Why a Ban? Can Regulations Make Fracking Safe?

Ban Fracking in Your Area

No. Fracking is inherently unsafe and we cannot rely on regulation to protect communities’ water, air and public health. The industry enjoys exemptions from key federal legislation protecting our air and water, thanks to aggressive lobbying and cozy relationships with our federal decision makers (the exemption from the Safe Drinking Water Act is often referred to as the Cheney or Halliburton Loophole, because it was negotiated by then-Vice President Dick Cheney with Congress in 2005). Plus, the industry is aggressively clamping down on local and state efforts to regulate fracking by buying influence and even bringing lawsuits to stop them from being implemented. That’s why fracking can’t be made safe through government oversight or regulations. An all out ban on fracking is the only way to protect our communities.

Learn More


Why the Obama Administration Will Not Admit that Fukushima Radiation is Poisoning Americans | Global Research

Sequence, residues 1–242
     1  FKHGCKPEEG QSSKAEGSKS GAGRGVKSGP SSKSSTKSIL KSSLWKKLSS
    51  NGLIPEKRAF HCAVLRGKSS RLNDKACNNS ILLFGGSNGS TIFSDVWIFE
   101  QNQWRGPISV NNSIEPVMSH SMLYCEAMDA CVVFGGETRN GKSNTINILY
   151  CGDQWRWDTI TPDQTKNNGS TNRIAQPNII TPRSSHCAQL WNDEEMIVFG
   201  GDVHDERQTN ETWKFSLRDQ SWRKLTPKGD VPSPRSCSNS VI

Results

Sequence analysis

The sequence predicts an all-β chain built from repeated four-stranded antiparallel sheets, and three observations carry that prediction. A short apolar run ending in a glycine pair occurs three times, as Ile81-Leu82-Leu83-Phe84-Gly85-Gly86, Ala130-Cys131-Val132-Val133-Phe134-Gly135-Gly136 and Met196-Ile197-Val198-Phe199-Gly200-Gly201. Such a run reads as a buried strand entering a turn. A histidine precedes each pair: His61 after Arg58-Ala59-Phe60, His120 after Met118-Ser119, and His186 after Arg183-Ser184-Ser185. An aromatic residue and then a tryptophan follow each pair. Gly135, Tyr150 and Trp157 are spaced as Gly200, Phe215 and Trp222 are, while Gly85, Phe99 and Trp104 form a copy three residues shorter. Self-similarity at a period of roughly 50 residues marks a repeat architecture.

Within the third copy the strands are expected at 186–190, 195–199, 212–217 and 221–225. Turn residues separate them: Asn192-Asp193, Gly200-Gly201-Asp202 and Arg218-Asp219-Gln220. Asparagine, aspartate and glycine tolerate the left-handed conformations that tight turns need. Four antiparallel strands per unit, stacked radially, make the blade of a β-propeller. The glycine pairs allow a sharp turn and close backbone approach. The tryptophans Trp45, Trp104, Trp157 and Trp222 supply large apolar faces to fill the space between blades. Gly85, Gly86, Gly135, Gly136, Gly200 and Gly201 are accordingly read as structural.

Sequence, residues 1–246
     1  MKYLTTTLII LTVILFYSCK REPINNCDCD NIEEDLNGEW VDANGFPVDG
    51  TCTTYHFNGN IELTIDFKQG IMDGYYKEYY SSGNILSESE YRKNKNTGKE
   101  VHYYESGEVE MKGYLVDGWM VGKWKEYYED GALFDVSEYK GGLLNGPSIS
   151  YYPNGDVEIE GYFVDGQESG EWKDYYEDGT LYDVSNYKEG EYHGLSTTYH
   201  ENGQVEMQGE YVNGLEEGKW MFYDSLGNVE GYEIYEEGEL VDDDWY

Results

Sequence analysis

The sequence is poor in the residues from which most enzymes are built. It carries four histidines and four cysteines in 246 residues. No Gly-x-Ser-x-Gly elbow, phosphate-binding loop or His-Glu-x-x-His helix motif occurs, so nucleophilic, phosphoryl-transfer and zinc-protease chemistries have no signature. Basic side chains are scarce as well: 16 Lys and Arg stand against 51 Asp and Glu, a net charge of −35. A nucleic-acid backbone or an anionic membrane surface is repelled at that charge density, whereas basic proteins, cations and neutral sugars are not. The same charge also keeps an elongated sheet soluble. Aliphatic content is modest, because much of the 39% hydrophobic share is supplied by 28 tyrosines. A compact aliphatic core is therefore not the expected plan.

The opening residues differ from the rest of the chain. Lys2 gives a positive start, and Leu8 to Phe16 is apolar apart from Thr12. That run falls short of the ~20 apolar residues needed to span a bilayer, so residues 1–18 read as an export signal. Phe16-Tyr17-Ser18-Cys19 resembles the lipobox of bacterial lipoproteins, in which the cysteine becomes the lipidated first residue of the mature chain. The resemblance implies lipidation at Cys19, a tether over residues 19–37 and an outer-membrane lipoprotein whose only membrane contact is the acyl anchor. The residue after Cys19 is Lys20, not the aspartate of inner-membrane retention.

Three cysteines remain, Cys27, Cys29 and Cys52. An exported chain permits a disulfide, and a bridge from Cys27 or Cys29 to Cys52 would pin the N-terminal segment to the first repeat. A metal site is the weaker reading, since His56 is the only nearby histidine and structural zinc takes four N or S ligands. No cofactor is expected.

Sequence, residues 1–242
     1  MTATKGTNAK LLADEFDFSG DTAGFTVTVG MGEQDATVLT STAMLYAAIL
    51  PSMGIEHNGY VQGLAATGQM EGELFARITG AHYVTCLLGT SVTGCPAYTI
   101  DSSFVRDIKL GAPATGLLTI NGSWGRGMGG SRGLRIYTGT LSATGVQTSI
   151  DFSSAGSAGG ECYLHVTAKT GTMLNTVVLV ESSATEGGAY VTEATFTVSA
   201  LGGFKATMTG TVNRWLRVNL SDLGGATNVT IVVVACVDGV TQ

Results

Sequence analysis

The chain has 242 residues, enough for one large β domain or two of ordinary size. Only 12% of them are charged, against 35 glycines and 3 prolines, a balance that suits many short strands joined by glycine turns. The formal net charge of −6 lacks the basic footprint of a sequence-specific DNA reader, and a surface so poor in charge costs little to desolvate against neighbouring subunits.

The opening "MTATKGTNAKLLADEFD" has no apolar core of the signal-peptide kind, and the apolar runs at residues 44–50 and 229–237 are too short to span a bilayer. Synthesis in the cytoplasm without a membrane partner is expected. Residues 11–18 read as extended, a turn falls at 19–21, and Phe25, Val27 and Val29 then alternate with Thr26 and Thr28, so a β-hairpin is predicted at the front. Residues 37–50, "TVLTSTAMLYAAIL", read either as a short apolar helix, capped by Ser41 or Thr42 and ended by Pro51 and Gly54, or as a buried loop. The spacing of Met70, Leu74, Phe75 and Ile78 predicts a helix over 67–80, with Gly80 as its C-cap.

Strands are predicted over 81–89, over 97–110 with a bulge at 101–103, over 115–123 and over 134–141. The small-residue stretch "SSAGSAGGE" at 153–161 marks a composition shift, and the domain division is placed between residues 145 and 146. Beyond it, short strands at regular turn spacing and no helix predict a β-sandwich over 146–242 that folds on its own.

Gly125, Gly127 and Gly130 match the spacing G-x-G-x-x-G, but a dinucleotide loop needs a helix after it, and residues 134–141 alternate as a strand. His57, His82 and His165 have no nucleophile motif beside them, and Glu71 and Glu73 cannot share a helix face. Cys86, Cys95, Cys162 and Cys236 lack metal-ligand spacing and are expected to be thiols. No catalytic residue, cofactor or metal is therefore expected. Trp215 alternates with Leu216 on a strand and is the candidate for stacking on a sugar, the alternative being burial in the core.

Why the Obama Administration Will Not Admit that Fukushima Radiation is Poisoning Americans | Global Research.

We all know that the radiation from the stricken Fukushima plant has spread around the globe and is poisoning people worldwide. We all know that the West Coast of the United States is being polluted with radioactive debris and that the oceans, the beaches that border them, and even the air is becoming more polluted by radioactivity as time goes on.

You have to ask yourself why the government won’t admit this. It’s not like a disaster half a world away is their fault, is it?

Or is it? Could the United States government have done something to prevent the situation getting to this point?

Nothing in this article is a state secret, everything is in the public domain, but the information is so disseminated that it appears disconnected.